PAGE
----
Adrian Anthony Gill is a journalist and critic whose acerbic views on travel, television, and food are among the most widely read in Britain. Born in Edinburgh, he moved to England as a small boy and studied at Central St. Martins and the Slade School of Art. Adopting his "AA Gill" byline to appear impartially androgynous for a piece in a friend’s art magazine, he moved into first-person journalism at Tatler before joining The Sunday Times, his current home, in 1993. His columns have been collected in several books, including AA Gill Is Away (2003) and Paper View (2007).
Joanne Harris worked as a schoolteacher for fifteen years while writing her first three novels. The third of these, Chocolat (1999), which was shortlisted for the Whitbread Novel of the Year Award, became an international bestseller upon publication and was adapted into an Academy Award–nominated movie in 2000. Her subsequent novels include Coastliners (2002) and Runemarks (2007), a fantasy book for young adults. She has also authored two cookbooks with Fran Warde: The French Kitchen and The French Market, and in 2004 published Jigs and Reels, a collection of short stories. She lives in Barnsley, fifteen miles from where she was born, with husband Kevin and daughter Anouchka.
Hari Kunzru is an award–winning novelist and journalist based in Hackney, London. After graduating from Wadham College, Oxford, and studying for an MA in philosophy and literature at Warwick University, he contributed to various international publications, including Wired, The Daily Telegraph, and Wallpaper*, where he was music editor from 1999 to 2004. In 1999 he was named The Observer young travel writer of the year. His debut novel, The Impressionist, won the 2003 Somerset Maugham award and was shortlisted for the Whitbread first novel prize. His third novel is My Revolutions (2007).
Ali Smith’s novels and short stories work with multiple perspectives, humorously and intelligently exploring notions of love, life, and sexuality. Born in Inverness in 1962, she read English at the University of Aberdeen before moving to Cambridge to study for a PhD. In 1995, after an unsatisfactory period lecturing at the University of Strathclyde, she published her first collection of short stories, Free Love and Other Stories, which won the Saltire Society Scottish First Book of the Year award. Her first novel, Like, was published in 1997, and her second, Hotel World (2001) was shortlisted for the Orange Prize for Fiction and the Man Booker Prize. Her 2005 novel, The Accidental (2004), won the Whitbread Novel of the Year Award.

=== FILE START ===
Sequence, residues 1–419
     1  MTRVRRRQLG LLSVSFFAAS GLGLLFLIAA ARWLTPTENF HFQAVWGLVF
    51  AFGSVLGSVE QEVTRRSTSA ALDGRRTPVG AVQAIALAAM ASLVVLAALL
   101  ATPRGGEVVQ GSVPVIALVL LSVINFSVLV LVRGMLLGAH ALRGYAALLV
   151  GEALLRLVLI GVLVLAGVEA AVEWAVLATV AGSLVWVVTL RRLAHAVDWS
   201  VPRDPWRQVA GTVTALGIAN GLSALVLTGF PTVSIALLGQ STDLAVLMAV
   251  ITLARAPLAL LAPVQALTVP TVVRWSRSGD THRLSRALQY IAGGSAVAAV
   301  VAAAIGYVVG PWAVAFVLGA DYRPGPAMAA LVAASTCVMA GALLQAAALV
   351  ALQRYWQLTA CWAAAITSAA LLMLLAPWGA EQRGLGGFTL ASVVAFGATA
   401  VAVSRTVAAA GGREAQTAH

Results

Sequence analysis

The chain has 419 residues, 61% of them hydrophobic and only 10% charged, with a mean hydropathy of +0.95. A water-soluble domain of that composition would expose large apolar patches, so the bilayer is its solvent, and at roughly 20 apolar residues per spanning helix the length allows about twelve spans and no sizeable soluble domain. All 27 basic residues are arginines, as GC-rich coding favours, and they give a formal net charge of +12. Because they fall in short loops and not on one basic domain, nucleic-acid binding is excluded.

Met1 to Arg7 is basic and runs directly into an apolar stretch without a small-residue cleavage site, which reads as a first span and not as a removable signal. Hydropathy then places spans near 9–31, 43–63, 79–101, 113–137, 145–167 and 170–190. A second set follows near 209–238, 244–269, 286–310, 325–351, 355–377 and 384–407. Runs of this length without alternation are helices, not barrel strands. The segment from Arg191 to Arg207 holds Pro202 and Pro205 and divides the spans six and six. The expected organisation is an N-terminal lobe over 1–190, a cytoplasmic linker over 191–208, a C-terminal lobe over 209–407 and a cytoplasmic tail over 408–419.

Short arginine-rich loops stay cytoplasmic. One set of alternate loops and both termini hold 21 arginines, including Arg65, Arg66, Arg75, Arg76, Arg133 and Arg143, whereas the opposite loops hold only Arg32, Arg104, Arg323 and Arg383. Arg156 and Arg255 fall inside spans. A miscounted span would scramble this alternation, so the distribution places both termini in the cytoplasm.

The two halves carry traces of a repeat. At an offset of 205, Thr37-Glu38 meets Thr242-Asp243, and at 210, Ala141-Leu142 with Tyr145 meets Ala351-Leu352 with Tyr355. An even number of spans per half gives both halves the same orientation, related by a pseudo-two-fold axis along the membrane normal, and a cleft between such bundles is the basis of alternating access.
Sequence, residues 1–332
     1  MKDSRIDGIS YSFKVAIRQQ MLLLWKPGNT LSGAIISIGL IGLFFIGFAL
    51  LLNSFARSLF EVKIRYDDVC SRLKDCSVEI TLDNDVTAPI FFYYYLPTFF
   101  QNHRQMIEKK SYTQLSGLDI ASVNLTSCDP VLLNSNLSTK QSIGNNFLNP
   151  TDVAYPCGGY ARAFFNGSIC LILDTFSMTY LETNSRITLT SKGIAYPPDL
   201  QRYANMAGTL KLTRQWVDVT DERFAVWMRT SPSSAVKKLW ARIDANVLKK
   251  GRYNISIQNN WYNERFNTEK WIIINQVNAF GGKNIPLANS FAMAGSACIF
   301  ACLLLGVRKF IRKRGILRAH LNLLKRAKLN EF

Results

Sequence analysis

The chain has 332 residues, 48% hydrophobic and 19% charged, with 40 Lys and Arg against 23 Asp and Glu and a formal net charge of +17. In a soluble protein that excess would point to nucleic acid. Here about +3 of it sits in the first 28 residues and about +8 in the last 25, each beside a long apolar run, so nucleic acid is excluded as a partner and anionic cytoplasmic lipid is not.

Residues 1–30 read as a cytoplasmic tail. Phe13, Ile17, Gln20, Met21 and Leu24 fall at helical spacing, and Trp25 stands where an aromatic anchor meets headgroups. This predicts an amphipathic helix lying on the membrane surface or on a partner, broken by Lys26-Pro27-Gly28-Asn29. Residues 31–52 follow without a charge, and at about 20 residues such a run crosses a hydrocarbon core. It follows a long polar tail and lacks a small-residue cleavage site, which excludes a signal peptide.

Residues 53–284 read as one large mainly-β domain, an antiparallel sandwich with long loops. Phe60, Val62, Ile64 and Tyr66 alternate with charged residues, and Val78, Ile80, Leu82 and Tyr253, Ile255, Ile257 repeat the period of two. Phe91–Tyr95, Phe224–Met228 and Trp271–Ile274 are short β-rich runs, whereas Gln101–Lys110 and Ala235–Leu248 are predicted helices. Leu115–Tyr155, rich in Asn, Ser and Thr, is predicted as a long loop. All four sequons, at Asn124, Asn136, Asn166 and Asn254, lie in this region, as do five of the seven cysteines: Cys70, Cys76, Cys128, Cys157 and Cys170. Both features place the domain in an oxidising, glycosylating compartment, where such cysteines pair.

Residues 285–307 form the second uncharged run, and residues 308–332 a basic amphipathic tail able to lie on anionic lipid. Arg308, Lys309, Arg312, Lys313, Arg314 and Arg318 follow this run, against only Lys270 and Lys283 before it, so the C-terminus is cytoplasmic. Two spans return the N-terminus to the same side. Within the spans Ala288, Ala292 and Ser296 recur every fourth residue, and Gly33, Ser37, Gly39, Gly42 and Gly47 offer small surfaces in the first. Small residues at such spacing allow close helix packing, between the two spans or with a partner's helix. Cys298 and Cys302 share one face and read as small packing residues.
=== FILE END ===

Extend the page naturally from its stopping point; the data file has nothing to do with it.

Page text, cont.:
John McGregor’s first novel, If Nobody Speaks of Remarkable Things (2002), was composed when he was washing dishes at a vegetarian restaurant in Nottingham. It was a critical success, winning the Betty Trask and Somerset Maugham awards, and was shortlisted for the Man Booker Prize, making McGregor, then twenty-six, one of the youngest authors to be considered for the award. In 2006 he published his second novel, So Many Ways to Begin, which explores the history of Coventry through the eyes of a disillusioned museum curator. He lives in Nottingham with his wife, Alice.
DBC Pierre was born in Australia, grew up in Mexico City, and now lives in Ireland with his girlfriend. At the age of forty–one, after years of concocting wild schemes and scams, he published his debut novel, Vernon God Little (2003), which won the Man Booker Prize and was adapted by Rufus Norris in 2007 for a celebrated production at London’s Young Vic Theatre. In 2004 he appeared in The Last Aztec, a Channel 4 Documentary about the fall of the Aztec empire. His second novel, Ludmilla’s Broken English, was published in 2007.
Minette Walters is a bestselling crime novelist whose works have been published in more than thirty–five countries worldwide. She won three major prizes for crime fiction with The Ice House, The Sculptress, and The Scold’s Bridle, and has gone on to publish nine more novels, her latest being The Chameleon’s Shadow (2007). Her first five novels have been adapted for television by the BBC, and her ninth, Acid Row, is in production with Company Pictures. She lives near Dorchester, Dorset, with her husband, Alec, and when not writing likes nothing better than pursuing her own DIY projects.